Those who are familiar with the story, not from the book but from the Walt Disney take on it - most children nowadays, I imagine - simply aren't conscious of how very much of its time it was. It's not that the book - which was written in 1911, years after the play - is sentimental. Barrie was an exceptionally shrewd author and passages like his account of Tinkerbell's sexually charged hatred of Wendy, and indeed, her hopeful efforts to kill her, are patently written with adults as well as child readers in mind.

But there are aspects of the story that are extraordinarily difficult to replicate unselfconsciously nowadays. One of them is the character of Wendy. She's a very girlish little girl whose greatest aspiration is to be the mother of a family, just like her own mother. So she is in her element when she takes charge of the Lost Boys: "When she sat down to a basketful of their stockings, every heel with a hole in it, she would fling up her arms and exclaim, 'Oh dear, I am sure I sometimes think spinsters are to be envied.' Her face beamed when she exclaimed this."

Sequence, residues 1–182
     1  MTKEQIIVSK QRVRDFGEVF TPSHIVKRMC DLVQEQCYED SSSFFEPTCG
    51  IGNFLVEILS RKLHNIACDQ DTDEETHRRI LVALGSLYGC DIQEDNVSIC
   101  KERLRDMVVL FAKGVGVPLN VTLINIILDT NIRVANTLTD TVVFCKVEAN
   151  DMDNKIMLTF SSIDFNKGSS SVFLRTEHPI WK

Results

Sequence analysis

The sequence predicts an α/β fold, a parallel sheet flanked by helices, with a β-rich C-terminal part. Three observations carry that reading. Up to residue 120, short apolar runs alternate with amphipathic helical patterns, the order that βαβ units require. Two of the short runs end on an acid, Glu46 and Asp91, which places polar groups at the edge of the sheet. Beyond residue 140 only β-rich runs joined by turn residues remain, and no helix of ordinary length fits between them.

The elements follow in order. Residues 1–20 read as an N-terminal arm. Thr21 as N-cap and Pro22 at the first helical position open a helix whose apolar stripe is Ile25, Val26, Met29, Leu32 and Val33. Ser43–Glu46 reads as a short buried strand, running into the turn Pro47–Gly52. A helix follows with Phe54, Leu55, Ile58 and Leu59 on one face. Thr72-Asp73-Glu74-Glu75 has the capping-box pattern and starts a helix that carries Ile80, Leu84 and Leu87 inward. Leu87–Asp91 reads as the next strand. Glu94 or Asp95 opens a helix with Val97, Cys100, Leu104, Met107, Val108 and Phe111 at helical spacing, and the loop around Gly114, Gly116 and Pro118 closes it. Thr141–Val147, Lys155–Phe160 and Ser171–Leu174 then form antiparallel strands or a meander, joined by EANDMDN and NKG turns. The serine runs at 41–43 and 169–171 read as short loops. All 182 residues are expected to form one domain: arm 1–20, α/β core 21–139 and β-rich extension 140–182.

It's impossible to follow that, a hundred years on. There's no girl that I can think of in contemporary fiction who is so maternal and whose highest aspiration is to play "mother" to Peter Pan's "father". Wendy isn't an unrealistic character. But I bet you anything that no author now can resist trying to turn her into an action heroine and proto-feminist.

Of course, the book doesn't really need a sequel. Versions of the little boy who won't grow up are all around us in any number of men I can think of.